What Has The Pandemic Taught Us So Far


A common opinion piece you’ll see today is an analysis of aspects of the Coronavirus crisis-- whether those be the rise of remote work, the speed at which we got a vaccine, or the “collapse” of global capitalism-- in terms of their implications towards the future of policy and economy. I think too many of those pieces focus too much on cultural intersections. It is more useful, in my view, to study the practical policy effects of the pandemic. I believe that controlling social trends is far harder than managing political ones and more good can be done to look at the policy that can be implemented rather than nigh-abstract cultural phenomena.

My feeling about the policy response for the crisis is that technocrats, when left to do their jobs, have effectively responded. It is when they face political pressure or arbitrary restrictions that we run into problems. Consider how the Federal government potentially bungled PPE production during the beginning of the pandemic. However, when we allow our nonpartisan institutions to flourish, we get good results.

The Macroeconomic Angle

The Necessity of Fiscal Relief

It has become obvious that the fiscal relief of the CARES Act was a success. The programs were effective at relieving poverty for many Americans. Poverty rates remained stable despite the massive shock to the economy. Many even saw their incomes rise because of programs like the $600 a week UI. Americans were able to restock on their savings that had been drained ever since the Global Financial Crisis, as they had increased liquidity and decreased consumption.

However, these benefits have expired, and the need for more relief has become more prescient than ever. The November jobs report was, to put it mildly, disappointing, and breadlines (a sight that should never be seen in this country) are forming outside food banks in Texas. Food insecurity is skyrocketing and the child hunger rate has risen to more than twice pre-pandemic levels. Congress must pass additional relief to ensure families can make it to the vaccine financially intact.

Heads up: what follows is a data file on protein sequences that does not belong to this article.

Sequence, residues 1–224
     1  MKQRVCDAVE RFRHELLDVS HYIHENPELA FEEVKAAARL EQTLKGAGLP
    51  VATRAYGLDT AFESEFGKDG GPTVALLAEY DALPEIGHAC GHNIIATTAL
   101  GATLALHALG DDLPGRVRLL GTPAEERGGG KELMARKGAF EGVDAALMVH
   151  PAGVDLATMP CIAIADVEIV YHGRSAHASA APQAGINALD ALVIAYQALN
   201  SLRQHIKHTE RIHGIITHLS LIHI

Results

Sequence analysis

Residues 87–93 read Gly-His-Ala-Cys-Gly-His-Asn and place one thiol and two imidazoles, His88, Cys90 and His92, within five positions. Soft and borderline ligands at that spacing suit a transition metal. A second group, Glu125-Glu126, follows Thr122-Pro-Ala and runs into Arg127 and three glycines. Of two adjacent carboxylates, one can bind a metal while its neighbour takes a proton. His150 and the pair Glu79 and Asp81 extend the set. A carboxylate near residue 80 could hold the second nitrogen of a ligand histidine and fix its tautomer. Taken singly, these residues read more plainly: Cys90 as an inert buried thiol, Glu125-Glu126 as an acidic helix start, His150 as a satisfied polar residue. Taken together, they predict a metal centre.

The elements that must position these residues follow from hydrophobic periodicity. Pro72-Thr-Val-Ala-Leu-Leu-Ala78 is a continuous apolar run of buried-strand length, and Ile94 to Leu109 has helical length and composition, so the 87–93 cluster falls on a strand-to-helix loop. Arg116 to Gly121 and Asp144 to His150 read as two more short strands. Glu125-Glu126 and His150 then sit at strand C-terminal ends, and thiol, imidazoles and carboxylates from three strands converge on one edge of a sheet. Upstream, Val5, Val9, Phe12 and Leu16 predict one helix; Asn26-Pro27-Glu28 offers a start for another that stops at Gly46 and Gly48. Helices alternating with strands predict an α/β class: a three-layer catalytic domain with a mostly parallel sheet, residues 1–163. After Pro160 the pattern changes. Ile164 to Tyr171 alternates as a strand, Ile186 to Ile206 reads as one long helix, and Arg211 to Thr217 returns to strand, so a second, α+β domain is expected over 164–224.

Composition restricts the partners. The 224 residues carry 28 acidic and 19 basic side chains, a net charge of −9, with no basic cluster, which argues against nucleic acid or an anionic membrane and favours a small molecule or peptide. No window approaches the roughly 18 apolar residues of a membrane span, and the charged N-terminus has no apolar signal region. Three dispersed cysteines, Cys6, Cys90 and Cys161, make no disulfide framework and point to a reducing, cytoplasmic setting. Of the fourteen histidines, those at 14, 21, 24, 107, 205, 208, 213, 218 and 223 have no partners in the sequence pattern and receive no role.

The Efficacy of Monetary Stimulus

The Federal Reserve’s actions during this crisis, whilst not perfect, have been admirable. They did much to prevent a recession and kept markets from collapsing. They haven’t shown signs yet of pulling back, especially as the US Treasury seems to be abandoning any sort of support for the American people. The new policy of keeping the pedal to the metal and locking down interest rates was what the economy was missing for the past decade.

Still, there’s more that the Fed can do. NGDP is still behind its potential, and the economy isn’t set up for full employment. I acknowledge that it’s a meme, but let the money printers go brrrrrrr more! The workers of the United States will be thankful.

Debt is (Relatively) Unimportant

The pandemic has shown that the national debt is almost a meaningless figure when talking about relief policies. No, this isn’t some Austrian kvetching, but a serious insight into how we must think of government spending. Truth is, government spending now will prevent greater damage later. As John Maynard Keynes said: “In the long run, we are all dead”.

As interest rates have lowered, debt has become vastly more manageable. It is important that we see pushback on fiscal conservatives as we look towards recovery policies and policies that would rectify structural issues that have amplified during the pandemic. Will the debt come eventually? Yes. But not before a lack of action does vastly more harm.

The Public Health Angle

Public Health Signalling Is An Unfortunate Trend

Lockdowns have obviously been implemented to help counter the COVID-19 pandemic’s spread. Issue is, many of them are poorly designed, specifically because of public pressure for action that looks good. Governor Newsom of California has recently introduced a series of restrictions that make no sense. Public health officials in New York City shuttered schools despite little evidence that schools were major sources of community spread.

I believe these actions were in part due to a need for governments to reassure their worried constituents and pretend like they are in control. It is, and while I loathe the term, it is accurate here, a form of virtue signalling-- meaningless and potentially ultimately detrimental actions meant to flash meaning towards the concerned.

FDA Approval Must Move Faster

While the vaccine has been effectively made since February, the vaccine trials and approvals process has taken much time. Many called for an opening of human trial testing early on in the vaccine timeline, and from our enlightened position now, that should have happened. Even right now, the FDA is moving too slowly with the vaccine approval. This could be costing many American lives; COVID-19 is the single leading cause of death in this nation at the moment.

Tyler Cowen has suggested that the FDA is “optimized” to move slowly. In my opinion, this is a seriously structural flaw in our public health bureaucracy. We should re-examine our bureaucratic standards and re-align them for a fast-paced, high-impact world. This pandemic showed the US’ weakness compared to other countries in managing pandemics. It shouldn't have to be that way.

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